As India struggles to contain the second wave of Covid-19, the price of some raw materials imported from China has risen dramatically in recent weeks, according to industry groups.
According to the heads of two trade groups, ingredients for paracetamol, which helps relieve fever, and certain antibiotics, including Azithromycin, have increased by 30 to 40% since the start of the second wave, reports South China Morning Post.
The price of raw materials for drugs used to treat Covid-19, such as ivermectin, has risen by as much as 300 percent, according to Ashok Kumar Madan, executive director of the Indian Drug Manufacturers' Association.
The demand for such drugs has increased as the number of new coronavirus infections has surpassed 350,000 every day, causing hospitals to run out of supplies.
Though medical supplies have arrived from all over the world, India still relies on China for the majority of the active pharmaceutical ingredients (API) it requires to manufacture drugs to treat Covid-19 and other health issues.
"India is importing almost 70 per cent of our requirements from China, so when the impact comes it's basically coming with the APIs from China – it is an increase in the API prices, it's an increase in the packing material prices, and there are issues that freight prices have gone up, both air and sea," Madan said.
Sudarshan Jain, secretary general of the Indian Pharmaceutical Alliance, said the spike in prices was due to both an increase in demand and logistical issues, like fewer cargo flights from China.
There had been a significant impact on the prices of ingredients for paracetamol and some antibiotics, he said. Hospitals use paracetamol to keep fever and pain down, while antibiotics can be used to treat secondary bacterial infections in Covid-19 patients.
"If the raw materials are delayed or prices go up, it affects everyone," Jain said. "With pharmaceutical products, one does not change the ingredients and suppliers easily, it has to continue in order to maintain supplies."
Madan said that last month's decision by China's Sichuan Airlines to stop cargo flights for 15 days over disease control concerns had "spiked fears" and driven up API prices.
Flights from the state-owned carrier are expected to fully resume service this week.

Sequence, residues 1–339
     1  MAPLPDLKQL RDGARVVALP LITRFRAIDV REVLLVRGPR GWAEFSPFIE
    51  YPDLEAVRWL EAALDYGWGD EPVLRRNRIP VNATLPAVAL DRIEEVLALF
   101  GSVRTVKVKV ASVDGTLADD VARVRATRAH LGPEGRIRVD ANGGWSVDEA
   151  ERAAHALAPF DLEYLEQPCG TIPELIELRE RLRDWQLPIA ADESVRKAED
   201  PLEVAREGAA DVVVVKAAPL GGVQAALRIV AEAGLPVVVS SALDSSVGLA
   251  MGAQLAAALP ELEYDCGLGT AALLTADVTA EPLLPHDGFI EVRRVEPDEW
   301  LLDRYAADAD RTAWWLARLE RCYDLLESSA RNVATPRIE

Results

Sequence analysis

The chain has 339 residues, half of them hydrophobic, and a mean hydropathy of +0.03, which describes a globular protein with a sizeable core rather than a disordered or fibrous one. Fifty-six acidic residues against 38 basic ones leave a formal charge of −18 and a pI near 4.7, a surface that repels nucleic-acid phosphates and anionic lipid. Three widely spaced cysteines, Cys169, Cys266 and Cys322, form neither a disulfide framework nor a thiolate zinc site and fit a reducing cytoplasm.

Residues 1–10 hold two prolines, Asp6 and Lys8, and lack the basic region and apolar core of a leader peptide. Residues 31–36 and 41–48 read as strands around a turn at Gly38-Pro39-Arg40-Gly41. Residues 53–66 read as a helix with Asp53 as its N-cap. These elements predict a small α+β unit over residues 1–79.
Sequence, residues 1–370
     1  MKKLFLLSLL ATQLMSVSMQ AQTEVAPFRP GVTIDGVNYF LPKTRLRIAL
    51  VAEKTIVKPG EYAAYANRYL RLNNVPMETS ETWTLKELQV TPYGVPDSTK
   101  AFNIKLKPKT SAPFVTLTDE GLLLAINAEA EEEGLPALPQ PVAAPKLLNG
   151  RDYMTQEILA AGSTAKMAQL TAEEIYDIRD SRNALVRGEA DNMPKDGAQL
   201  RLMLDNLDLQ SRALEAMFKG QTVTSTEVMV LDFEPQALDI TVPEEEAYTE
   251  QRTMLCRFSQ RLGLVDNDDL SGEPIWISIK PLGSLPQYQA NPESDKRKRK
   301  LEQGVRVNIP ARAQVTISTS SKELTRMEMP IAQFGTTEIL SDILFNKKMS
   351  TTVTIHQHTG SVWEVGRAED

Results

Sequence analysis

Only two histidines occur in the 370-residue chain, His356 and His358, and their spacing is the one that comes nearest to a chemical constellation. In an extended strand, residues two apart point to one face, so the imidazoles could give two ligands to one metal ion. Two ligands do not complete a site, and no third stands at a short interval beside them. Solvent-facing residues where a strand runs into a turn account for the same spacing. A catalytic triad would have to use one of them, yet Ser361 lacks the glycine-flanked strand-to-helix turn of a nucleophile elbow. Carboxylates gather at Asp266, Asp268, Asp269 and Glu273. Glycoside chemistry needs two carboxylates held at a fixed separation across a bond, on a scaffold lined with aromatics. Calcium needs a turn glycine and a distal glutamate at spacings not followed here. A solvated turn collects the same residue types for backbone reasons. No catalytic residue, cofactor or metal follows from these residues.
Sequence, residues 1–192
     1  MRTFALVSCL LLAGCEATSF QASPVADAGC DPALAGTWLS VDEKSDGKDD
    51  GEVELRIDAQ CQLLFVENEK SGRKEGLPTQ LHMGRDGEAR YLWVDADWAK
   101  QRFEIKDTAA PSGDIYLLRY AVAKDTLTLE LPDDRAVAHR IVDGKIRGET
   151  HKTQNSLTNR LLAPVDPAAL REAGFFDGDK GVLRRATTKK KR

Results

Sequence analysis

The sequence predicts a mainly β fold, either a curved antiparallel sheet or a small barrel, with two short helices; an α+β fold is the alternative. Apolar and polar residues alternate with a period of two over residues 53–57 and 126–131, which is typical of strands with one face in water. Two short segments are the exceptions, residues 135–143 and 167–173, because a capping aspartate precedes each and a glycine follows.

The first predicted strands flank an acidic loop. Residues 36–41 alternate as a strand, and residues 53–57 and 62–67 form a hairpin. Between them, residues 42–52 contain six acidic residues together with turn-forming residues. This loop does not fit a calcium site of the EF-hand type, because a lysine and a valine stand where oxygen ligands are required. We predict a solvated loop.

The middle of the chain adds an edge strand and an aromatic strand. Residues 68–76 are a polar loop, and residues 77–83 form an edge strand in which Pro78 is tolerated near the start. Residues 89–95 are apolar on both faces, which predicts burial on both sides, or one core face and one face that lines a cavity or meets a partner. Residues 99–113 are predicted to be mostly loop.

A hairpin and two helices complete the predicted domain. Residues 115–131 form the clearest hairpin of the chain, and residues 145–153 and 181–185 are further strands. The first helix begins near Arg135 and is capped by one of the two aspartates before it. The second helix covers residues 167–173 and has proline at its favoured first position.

Despite the recent hitch, China's Foreign Minister Wang Yi told his Indian counterpart Subrahmanyam Jaishankar last month that China would help ease the transport of medical supplies.
China's foreign ministry spokeswoman Hua Chunying said on Friday that Beijing was working to keep the supply chain stable and that "no side should destabilise the [global] supply chain".
India's consul general in Hong Kong Priyanka Chauhan on Wednesday called for more efforts from the Chinese government to stabilise the prices of medical supplies and keep cargo flights in the air.
Supply shortages have been a theme in the global fight against Covid-19, with several countries, including the US, being criticised for hoarding vaccine doses and large pharmaceutical companies being called on to share intellectual property for vaccines and drugs to boost availability.
Jain said India's drug makers had been facing rising prices for key ingredients since the start of the pandemic and the situation was likely to remain difficult even after the spike in infections had levelled off.
"While the big companies continue because of their staying power, [the price rise] puts huge pressure on the small manufacturers," he said, adding that India's fixed pricing system for drugs meant the increases could not be passed on to consumers.
But both he and Madan said India's production capacity had not been hit, as drug makers strived to maintain consistency in supplies.
Madan said the industry was "taking things in its stride".
"Definitely we will be maintaining the production levels in the same capacity that is required so that we are able to cater to our domestic requirements and also we are able to meet our commitments for exports to other countries," he said. "We are not going to cut down any production."